2

After looking at the code on the website, there is a .png that is set to repeat over the image. The image can be found at: http://grandpixels.com/linguini/wp-content/themes/linguini1.7/images/bg-overlay-pattern.png Hope this helps...


2

Meggs' History of Graphic Design is the one that we used in college and I go back to it more than any other textbook. It starts with hieroglyphics and cave paintings and goes all the way up to the modern times. It's a great resource for inspiration and knowledge...I can't recommend it enough! If cost is an issue, go back an edition and pick up a used copy.


2

I would say old design methods/traits/trends/art are objectively inclusive and we cannot easily distinguish the good and bad between time periods. I suspect design is evolutionary and what takes place and drives the evolution is largely based on the human psyche and socioeconomic norms of that time. By this I mean, we as designers market conceptual idea's ...


1

Actually, I don't think flat design necessarily means no gradients. DA mentioned it in a comment, iOS7 embraces some gradients and it's still considered flat: This is subtle affordance, and you can also find it for example in Gmail. Matthew Moore has a really nice article about it called 'Almost Flat Design'. For the most part, these interfaces stick ...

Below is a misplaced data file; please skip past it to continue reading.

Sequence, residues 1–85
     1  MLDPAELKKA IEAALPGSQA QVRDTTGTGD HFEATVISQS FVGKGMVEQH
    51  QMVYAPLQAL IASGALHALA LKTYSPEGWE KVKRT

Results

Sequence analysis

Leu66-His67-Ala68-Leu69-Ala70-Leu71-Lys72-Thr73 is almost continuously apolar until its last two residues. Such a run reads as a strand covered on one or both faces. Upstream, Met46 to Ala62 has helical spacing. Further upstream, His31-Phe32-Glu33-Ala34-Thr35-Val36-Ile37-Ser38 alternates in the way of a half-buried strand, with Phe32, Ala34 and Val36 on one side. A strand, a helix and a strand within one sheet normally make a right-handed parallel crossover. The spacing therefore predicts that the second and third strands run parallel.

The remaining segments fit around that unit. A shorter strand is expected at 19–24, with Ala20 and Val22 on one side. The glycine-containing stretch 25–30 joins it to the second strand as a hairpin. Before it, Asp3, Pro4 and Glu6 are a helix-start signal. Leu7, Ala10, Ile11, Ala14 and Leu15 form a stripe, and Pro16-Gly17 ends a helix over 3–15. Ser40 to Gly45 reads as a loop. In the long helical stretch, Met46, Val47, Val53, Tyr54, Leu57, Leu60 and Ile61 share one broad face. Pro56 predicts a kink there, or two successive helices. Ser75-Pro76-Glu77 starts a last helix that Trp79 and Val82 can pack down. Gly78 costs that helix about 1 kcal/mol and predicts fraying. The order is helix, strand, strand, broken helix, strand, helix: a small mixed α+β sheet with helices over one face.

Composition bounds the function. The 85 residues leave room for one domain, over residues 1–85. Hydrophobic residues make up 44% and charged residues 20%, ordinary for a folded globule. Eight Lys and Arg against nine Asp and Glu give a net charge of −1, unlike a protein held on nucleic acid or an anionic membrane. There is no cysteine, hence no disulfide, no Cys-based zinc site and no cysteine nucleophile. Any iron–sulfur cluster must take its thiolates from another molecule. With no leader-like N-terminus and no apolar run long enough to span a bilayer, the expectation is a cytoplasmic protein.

1

I think in most cases with logo's familiarity breeds contempt. The more you look at something, the more you want a refresh. The very fact that we find very old things "cool", like the Mercedes, reinforces this as we are not used to seeing them every day. I didn't personally see the Bell logo as "old" as I am UK based and do not see it often.


1

The third version is looking much better. Here's a few additional changes I would make. Drop the little flying arrows and dotted rules in the background. They're just a distraction from in an increasingly focused layout. Don't stretch the type in your buttons. Make up your mind in the top half of the page. You still have two competing blocks of info. ...


1

You're basically asking how to design, which is an incredibly broad question. Basically, there are two types of people who design websites: Those who have an eye for design and can both notice what others are doing and come up with their own new styles. Those who design by following procedures they've been taught. Unfortunately, it looks like you are ...


1

For text faces, it's not really a big deal. For display faces, it's less specifically a particular typeface and more of a certain style trend, of which the type plays a part. League Gothic is a great face, but also free, which adds another level of popularity. Free fonts can be as good as any commercial one, but odds are that they are in much more ...


1

The effect actually comes from the earlier days of web-optimization. The dotted effect would be applied to images which were compressed so much that they began artifacting. The "dotted grid" would hide these artifacts and make the image seem less compressed. It then spread as a normal effect, and as Daniel says, it can make or break an image. If it's used ...


1

Two words: User Experience. Basic portfolio sites shouldn't require a user to click to several pages to see what they have to offer if the content is simple and straight forward. Or more specifically, of the call to action is singular. When the goal of the site is: "hire me", the site can be counterproductive when it's sitemap is needlessly complex. EDIT: ...